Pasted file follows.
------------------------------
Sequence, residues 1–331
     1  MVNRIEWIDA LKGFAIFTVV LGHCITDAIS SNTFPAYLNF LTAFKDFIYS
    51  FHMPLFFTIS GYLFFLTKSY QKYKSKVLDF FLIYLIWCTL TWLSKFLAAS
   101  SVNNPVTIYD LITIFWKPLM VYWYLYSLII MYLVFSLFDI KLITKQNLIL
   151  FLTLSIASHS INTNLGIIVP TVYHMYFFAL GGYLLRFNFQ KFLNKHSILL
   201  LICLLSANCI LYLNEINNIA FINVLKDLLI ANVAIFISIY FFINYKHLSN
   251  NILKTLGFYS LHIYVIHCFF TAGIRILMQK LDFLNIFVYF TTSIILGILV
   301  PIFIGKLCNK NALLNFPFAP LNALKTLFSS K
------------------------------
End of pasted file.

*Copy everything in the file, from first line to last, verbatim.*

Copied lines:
Sequence, residues 1–331
     1  MVNRIEWIDA LKGFAIFTVV LGHCITDAIS SNTFPAYLNF LTAFKDFIYS
    51  FHMPLFFTIS GYLFFLTKSY QKYKSKVLDF FLIYLIWCTL TWLSKFLAAS
   101  SVNNPVTIYD LITIFWKPLM VYWYLYSLII MYLVFSLFDI KLITKQNLIL
   151  FLTLSIASHS INTNLGIIVP TVYHMYFFAL GGYLLRFNFQ KFLNKHSILL
   201  LICLLSANCI LYLNEINNIA FINVLKDLLI ANVAIFISIY FFINYKHLSN
   251  NILKTLGFYS LHIYVIHCFF TAGIRILMQK LDFLNIFVYF TTSIILGILV
   301  PIFIGKLCNK NALLNFPFAP LNALKTLFSS K